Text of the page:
It was fun- just so incredibly fun, the kind you forget to have when you pass from childhood- to wander around the dunes without any real aim, crouching low to watch the ripples in the sand, and looking back to where you came from to watch your heavy footsteps slowly disappearing into nothing.  Time here passes strangely, one minute your heading towards the next rise of sand and the next you still haven’t quite made to where you were aiming for and the suns gotten much lower in the sky. You look around and people that you had seen at the tops of the dunes, their sunglasses glinting in the light and cameras covered in plastic bags, they’ve disappeared down the other side and you wonder what they’re going to find over there. You wonder if you should try and make it over as well, but then your legs are growing tired from constantly sinking and rising, sinking and rising and so you head back towards the shores of the cold creek that marks the border back to normal.

Visiting this park it’s an experience not to be missed, but above all, you really should try and stay for the sunset like we decided to. If you think things feel surreal now, wait till the sun sets.


Point of No Return- Great Sand Dunes National Park and Preserve, CO

We made it to the Great Sand Dunes National Park and Preserve just a little after 1pm, a warm box from Pizza Hut resting on the bfs lap and my eyes fixed on the horizon. It was that kind of overcast afternoon where you can’t help wondering when those distant rain clouds are gonna overtake the sky and ruin your plans. It was a mildly chilly day, the sun dipping in and out of sight and we were shivering a little as we sat ourselves in the picnic area near the dunes to eat our lunch and plan out our afternoon.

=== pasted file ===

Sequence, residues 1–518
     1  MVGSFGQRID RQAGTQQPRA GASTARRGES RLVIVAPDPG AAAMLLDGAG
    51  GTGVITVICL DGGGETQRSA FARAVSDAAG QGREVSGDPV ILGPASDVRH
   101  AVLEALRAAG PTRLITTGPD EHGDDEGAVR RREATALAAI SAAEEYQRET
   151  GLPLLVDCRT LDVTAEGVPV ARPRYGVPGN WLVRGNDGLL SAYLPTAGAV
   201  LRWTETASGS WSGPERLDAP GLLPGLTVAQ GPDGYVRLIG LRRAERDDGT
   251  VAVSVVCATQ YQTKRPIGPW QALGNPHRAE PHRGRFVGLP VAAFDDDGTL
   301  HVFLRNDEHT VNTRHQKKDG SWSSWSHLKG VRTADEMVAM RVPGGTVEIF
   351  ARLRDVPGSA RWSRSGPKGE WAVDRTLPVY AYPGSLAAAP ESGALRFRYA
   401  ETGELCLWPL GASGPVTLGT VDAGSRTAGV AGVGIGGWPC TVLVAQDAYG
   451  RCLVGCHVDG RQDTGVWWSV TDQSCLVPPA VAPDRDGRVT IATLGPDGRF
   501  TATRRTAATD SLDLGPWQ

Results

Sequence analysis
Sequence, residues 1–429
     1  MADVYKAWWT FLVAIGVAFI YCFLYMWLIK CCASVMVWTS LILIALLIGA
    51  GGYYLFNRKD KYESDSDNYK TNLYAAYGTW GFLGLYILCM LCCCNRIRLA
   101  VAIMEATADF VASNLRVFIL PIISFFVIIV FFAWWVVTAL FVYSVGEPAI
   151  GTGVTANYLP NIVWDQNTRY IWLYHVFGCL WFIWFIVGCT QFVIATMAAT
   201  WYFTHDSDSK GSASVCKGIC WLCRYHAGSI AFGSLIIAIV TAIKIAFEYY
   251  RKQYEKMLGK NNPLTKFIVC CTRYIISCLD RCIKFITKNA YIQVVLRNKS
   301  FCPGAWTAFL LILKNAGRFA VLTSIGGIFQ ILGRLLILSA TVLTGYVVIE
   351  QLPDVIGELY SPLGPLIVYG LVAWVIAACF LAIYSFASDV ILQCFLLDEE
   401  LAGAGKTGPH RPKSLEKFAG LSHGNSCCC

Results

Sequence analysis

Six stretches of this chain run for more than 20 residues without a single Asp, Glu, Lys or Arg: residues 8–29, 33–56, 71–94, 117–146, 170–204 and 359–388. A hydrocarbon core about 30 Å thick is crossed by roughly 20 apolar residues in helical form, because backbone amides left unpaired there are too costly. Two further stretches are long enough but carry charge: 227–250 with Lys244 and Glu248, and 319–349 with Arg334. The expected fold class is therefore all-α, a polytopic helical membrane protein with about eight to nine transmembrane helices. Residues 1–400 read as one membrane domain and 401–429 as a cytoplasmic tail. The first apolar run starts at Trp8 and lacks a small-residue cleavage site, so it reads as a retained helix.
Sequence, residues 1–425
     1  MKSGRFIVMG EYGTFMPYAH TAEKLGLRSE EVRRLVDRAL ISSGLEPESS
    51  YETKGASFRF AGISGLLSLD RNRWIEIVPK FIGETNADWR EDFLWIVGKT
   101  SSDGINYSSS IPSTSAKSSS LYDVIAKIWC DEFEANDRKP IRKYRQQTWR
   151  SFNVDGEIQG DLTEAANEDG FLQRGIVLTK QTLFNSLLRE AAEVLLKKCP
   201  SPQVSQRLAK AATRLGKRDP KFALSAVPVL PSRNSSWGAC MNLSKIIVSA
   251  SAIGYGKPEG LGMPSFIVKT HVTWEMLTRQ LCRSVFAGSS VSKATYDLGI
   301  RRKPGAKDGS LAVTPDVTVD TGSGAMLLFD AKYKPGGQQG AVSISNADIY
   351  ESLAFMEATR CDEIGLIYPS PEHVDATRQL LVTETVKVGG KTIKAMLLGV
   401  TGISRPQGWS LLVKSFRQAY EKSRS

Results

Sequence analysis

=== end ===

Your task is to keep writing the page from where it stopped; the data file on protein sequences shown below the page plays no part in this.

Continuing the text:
Just driving up into the park had been an experience in and of itself, the whole area it’s own corner of nowhere in Colorado. It’s the kind of place you have to really aim to go to, you can’t  just find yourself there accidentally, and I think thats part of the charm. The crowds were minimal and they completely disappeared once we headed out on the unpaved road towards the Point of No Return (seriously, what have I said about national parks and their inclination towards dramatic names).

We had a good few hours to kill before the sun set and we wanted to wait a little before tackling the dunes themselves, so after eating lunch and getting caffeinated again, we decided to take the small hike up to the Dunes Overlook. It’s a fairly easy hike, just 2.3 miles (3.7 km) roundtrip and i’d definetly recommend it not only for the excellent view from up above the dunes but also for the beautiful views and scenery on the way up. Once you make it up to the overlook, you can either sit on one of the many convenient benches like the bf did to catch your breath, or you can be like me and run around all over exploring the many view points. We somehow lucked out and managed to get the overlook all to ourselves and I can honestly say it was with great reluctance that I eventually let myself be led back down.

Once we made it back to the car, I crossed the road to go check out the area just on the other side, where the Sand Pit is. The bf stayed in the car to clean his shoes out (lots o’ sand, obviously) while I trudged my way slowly over the small ridge, my camera slung heavy over my shoulder. The thing I most vividly remember, apart from the incredible view of the mountains with the sand dunes just off to the left, was the calm quiet. The wind whipped around me constantly, but never harshly, and the coolness of it was welcome on my warm face. I could feel the gritty sand in my boots as I stood there looking out at the landscape while surrounded by beautiful and unexpected vegetation and it felt more like a gift than anything else, a vivid constant reminder of where I was.

Eventually I replaced the lens cover on my camera and walked back to car, intent on making it out onto the dunes themselves.